State lawmakers continue to enact legislation in response to the U.S. Supreme Court’s decision in “South Dakota v. Wayfair, Inc.”
Some states are imposing the tax collection obligation on what they are terming “marketplace facilitators” or “marketplace providers.”
House Bill 547 was signed into law to clarify the authority of the Louisiana Sales and Use Tax Commission for Remote Sellers to require remote sellers to collect sales and use tax as a result of the Wayfair decision.
Because the Commission has yet to set a date on which remote sellers must start collecting, House Bill 547 requires the Commission to set an enforcement date of no later than July 1, 2020, and to publish a notice of enforcement no later than 30 days prior to the enforcement date.
House Bill 547 amends the definition of “remote seller” to mean “a seller who sells for sale at retail, use, consumption, distribution, or for storage to be used for consumption or distribution any taxable tangible personal property, products transferred electronically, or services for delivery within Louisiana, but does not have physical presence in Louisiana, and is not considered a dealer.”
Assembly Bill 445 has been signed, and adopts economic nexus provisions that apply to marketplaces. The legislation provides that effective October 1, 2019, a marketplace facilitator is required to collect and remit sales and use tax if, during the current and previous calendar year, it has cumulative gross receipts exceeding $100,000 or 200 or more separate retail sales transactions. The law also authorizes the Department of Taxation to adopt regulations imposing a collect-or-report obligation for referrers that exceed the economic nexus thresholds.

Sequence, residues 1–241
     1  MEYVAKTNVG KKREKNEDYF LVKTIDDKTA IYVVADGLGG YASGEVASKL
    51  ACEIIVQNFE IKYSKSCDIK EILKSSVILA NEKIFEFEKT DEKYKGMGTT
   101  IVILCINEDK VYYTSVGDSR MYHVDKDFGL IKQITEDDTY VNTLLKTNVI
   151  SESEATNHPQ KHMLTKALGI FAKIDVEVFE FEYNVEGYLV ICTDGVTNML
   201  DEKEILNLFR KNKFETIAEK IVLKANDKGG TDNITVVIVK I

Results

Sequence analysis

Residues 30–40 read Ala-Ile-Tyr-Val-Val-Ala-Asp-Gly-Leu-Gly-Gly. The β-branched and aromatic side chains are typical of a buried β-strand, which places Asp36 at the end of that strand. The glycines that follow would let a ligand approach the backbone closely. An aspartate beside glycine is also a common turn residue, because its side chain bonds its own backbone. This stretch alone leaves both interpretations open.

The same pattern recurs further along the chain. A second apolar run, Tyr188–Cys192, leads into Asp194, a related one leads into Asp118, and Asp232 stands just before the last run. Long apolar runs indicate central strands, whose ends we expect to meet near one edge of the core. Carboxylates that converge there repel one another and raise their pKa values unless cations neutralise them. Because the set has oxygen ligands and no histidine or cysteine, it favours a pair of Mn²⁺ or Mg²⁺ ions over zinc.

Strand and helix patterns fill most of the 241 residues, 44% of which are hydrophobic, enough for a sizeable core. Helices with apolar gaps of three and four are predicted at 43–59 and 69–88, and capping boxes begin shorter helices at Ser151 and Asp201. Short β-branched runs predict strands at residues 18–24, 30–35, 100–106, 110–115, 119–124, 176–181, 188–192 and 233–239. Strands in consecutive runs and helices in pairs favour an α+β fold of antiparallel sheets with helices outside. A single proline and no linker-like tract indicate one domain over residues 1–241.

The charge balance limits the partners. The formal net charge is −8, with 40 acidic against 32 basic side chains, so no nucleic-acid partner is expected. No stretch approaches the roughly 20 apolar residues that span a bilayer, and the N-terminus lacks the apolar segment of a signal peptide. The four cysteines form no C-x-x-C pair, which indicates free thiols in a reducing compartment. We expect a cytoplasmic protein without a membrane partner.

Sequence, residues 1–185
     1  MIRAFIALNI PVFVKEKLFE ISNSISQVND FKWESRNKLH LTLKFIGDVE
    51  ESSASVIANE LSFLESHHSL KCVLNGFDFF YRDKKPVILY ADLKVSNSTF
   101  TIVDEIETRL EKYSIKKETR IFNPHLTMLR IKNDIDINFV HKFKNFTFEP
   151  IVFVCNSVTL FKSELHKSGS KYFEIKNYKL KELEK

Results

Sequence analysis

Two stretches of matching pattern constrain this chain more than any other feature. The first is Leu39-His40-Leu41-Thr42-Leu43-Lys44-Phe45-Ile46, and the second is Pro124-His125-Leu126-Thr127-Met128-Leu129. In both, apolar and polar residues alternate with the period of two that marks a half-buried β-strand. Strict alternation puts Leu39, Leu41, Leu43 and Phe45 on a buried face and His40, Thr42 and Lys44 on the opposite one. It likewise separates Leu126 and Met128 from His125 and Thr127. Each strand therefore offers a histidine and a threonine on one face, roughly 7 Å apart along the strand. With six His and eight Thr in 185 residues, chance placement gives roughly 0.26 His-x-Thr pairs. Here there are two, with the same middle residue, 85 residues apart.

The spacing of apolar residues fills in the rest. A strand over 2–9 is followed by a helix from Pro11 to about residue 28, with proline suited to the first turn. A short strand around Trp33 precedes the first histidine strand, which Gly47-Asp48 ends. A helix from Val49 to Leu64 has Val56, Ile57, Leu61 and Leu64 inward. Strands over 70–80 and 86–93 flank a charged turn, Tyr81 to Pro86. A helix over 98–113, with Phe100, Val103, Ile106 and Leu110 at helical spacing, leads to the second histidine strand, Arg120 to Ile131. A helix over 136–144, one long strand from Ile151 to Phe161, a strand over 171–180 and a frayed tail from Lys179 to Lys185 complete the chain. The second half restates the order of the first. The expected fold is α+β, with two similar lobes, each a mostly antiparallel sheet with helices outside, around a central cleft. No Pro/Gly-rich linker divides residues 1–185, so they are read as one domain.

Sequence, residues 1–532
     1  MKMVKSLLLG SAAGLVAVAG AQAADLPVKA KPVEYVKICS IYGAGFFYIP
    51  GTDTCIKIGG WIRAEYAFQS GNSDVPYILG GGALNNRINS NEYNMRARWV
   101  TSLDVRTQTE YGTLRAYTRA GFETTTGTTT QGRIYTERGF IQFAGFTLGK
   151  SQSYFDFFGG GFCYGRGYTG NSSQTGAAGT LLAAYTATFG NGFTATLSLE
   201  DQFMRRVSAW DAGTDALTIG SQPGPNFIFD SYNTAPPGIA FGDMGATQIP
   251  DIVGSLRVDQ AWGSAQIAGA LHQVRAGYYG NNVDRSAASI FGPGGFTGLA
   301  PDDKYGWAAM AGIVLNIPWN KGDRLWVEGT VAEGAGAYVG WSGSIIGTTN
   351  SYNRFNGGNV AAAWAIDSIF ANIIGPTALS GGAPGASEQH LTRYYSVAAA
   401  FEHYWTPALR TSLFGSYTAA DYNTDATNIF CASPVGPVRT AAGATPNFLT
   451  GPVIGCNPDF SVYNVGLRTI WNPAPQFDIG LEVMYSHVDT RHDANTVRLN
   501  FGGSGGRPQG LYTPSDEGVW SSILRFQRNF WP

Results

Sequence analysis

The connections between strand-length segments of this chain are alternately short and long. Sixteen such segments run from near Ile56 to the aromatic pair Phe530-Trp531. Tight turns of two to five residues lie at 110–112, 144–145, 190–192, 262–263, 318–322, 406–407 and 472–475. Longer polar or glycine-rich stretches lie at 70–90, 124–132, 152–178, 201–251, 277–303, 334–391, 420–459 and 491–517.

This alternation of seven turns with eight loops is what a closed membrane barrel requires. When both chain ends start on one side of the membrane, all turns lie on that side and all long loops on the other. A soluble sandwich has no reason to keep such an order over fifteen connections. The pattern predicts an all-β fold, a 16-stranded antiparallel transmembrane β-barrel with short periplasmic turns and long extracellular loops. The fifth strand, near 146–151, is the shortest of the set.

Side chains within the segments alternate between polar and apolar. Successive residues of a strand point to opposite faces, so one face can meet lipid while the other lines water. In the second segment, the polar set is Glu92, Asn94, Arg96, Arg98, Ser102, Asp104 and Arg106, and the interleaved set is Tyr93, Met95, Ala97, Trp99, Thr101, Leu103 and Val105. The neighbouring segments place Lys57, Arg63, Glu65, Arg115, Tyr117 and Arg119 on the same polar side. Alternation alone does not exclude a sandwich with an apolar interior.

New Hampshire is one of five states with no sales and use tax. Senate Bill 242 (having been passed by both houses of the legislature) highlights the state’s opposition to the Wayfair decision. If signed by the governor, Senate Bill 242 would prohibit other taxing jurisdictions from taking an action or imposing a sales tax collection obligation on New Hampshire sellers that lack a physical presence in that jurisdiction unless the taxing jurisdiction provides written notice to the New Hampshire Department of Justice 45 days prior to taking such action. The bill would also require New Hampshire sellers to notify the Department of Justice of any request from another taxing jurisdiction for private consumer information. The bill would allow New Hampshire remote sellers to comply with the other taxing jurisdiction's directive or request, if the seller finds it to be in its best interest.
The New Hampshire legislature believes this revised version of Senate Bill 242 will not have constitutional implications. The act would be effective immediately upon its passage.
Read a June 2019 report prepared by KPMG LLP
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